“Its name carries weight; and yet, what is it? A bend in the river, that’s all. A meander.” ~ Danielle Abbott
Into the Water delivers an urgent, satisfying read that hinges onto the stories of the past that we tell and how they have the power to destroy our lives now. It depicts the death of Nel Abbott and her estranged sister, Jules Abbott. As Jules struggle to understand the circumstances behind Nel’s death, it is known that the previous deaths of women all linked to one common factor -the Drowning Pool. In a bid to find the truth, Jules had to face her past and cope with losing a loved one, albeit in strange conditions. The book is a good read, particularly in the way the author elaborately illustrates the troubling past of Jules’, how the author orchestrates the seemingly normal death in a way to be shrouded in secrets and the truth behind the quote that the past will eventually come back to bite you.
The troubling past of Jules is a complex one. She hated Nel- she despised her for her beauty, her parents’ favouritism towards her and Nel’s devilish schemes. Jules left her past behind in search for a new identity, but is forced to face the facts that her sister had gone. In the search for an answer, Jules stumbles across her sister’s records of her neighbours and the past of the Drowning Pool. She finds that despite their broken relationship, she still had feelings towards her sister and wanted to forgive her no matter what she did, even if she had done harm to others. This puts Jules in a conflicting situation where her morals clashes with her feelings towards her sister and gives us a fresh perspective on how our emotions may influence our decisions in the process as well as how the past can sufficiently help to develop the character in the story even though it is tricky to pull off. I should say that development of Nel Abbott as a character was shallow- she was portrayed as evil through and through whilst giving her no chance of redemption for what she did. It could have been interesting to see things from her perspective, why she did what she did, as well as the actions that brought her down to her demise.
The orchestration of the entire plot was delivered excellently- it led us to continue reading on about the truth of the accidental “drowning”, and gave us a twist we never did expect. Sean, a policeman in the story, is forced to come to terms with the family he never had and the morals that had no true foundation. Secrets were found- Nel Abbott, an innocent woman, was never that innocent. Jules Abbott, a life that never came to fruition was instead broken down and reduced to its fundamentals where she had to question the existence of her sister and even doubted herself, believing herself to be the catalyst of all the chaos that happened thus far. Mark Henderson, a normal teacher related to another girl who also died, was found to be involved in a sexual relationship with the girl. It gives us twists at every corner and is so unpredictable that we as readers have to keep reading to construct images in our head, giving us our own interpretations of the events that occurred.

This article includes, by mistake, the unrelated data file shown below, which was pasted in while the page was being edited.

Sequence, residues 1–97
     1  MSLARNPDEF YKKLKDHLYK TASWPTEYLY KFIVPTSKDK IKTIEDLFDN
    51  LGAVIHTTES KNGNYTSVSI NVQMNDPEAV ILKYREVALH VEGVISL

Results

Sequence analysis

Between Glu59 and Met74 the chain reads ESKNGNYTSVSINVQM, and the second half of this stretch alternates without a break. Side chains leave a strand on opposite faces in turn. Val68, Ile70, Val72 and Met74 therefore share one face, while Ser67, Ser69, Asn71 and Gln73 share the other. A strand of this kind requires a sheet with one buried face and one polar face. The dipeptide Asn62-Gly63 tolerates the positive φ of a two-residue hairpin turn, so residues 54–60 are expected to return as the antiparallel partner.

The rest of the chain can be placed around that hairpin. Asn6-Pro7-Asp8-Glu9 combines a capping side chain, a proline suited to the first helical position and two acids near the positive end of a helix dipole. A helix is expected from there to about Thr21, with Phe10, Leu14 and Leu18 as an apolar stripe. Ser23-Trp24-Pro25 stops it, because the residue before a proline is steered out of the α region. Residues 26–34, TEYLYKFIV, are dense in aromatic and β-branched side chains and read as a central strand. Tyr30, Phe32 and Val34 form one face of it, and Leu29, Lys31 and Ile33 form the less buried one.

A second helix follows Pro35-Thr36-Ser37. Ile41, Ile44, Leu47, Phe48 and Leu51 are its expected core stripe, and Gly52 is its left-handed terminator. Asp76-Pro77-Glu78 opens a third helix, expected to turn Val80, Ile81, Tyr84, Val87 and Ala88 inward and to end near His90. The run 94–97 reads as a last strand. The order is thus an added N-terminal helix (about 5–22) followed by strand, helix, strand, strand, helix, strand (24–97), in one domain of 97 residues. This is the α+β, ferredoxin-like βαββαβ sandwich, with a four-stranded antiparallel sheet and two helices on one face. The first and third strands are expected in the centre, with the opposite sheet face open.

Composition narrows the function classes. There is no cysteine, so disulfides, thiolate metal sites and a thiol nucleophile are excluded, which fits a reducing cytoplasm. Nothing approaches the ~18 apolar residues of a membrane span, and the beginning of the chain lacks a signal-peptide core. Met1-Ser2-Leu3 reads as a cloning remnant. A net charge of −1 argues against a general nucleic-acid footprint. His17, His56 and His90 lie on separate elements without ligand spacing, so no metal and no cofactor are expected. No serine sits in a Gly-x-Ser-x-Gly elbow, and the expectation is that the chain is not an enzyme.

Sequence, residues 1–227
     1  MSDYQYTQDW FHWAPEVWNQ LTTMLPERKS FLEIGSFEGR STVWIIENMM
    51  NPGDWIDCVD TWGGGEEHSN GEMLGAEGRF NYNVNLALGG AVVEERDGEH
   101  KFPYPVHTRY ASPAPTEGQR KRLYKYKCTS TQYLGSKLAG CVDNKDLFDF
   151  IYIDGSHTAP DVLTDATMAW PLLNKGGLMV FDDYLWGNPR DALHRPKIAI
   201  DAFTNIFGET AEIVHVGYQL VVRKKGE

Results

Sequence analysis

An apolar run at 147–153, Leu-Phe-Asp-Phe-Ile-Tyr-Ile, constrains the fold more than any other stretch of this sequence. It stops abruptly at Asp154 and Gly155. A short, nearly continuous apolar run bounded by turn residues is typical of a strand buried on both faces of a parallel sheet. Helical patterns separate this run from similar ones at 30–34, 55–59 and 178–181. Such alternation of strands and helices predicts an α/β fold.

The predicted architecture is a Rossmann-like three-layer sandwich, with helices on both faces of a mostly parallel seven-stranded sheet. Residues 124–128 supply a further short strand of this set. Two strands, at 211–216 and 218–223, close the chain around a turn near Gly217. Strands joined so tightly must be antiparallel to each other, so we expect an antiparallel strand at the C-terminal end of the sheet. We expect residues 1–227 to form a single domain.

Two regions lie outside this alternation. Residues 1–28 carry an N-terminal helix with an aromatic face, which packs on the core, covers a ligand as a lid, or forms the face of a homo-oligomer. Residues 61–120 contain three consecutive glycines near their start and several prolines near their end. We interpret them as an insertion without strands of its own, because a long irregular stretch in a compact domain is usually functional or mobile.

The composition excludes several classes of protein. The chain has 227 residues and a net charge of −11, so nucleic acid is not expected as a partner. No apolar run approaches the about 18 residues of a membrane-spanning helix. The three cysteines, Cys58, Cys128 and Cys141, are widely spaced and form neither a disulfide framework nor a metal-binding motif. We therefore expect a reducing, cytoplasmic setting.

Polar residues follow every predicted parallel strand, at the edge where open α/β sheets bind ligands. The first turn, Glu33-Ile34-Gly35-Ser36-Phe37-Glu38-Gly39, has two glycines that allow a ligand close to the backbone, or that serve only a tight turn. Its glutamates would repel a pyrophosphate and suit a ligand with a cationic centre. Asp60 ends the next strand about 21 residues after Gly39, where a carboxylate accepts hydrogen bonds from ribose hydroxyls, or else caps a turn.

The past is shown to eventually come back to bite a person, regardless of what they may have accomplished in their current life. Nel fell prey to her own past where she was involved in gossip and made trouble for herself. Jules rejected that one phone call and had to endure the pain of losing everything she ever had just for her sister. Mark had a relationship that was forbidden and lost one of his students for his own selfish purposes. Every little action they did in the past had a consequence, consequences that would eventually bite them back in full force and make them suffer for the rest of their lives. The wrong decisions started a chain of events that never would have happened had it not been done, proving fully the moral that the past can easily destroy your future.
Overall, this thriller read is worth reading. Paula Hawkins has managed to captivate me in a way where the book could hold my attention for hours as I wished to finish the book. It has given a strong interpretation of a value that many still deny exists and through the usage of words conveyed yet another brilliant concept that was refreshing and satisfying. I highly recommend this book for all to read and would definitely persuade you to pick up the book either in the library or bookstore to get a taste of what a fresh concept could hold for one’s adventures in a book.
Yeo Hui Min Mandy (2 Unity)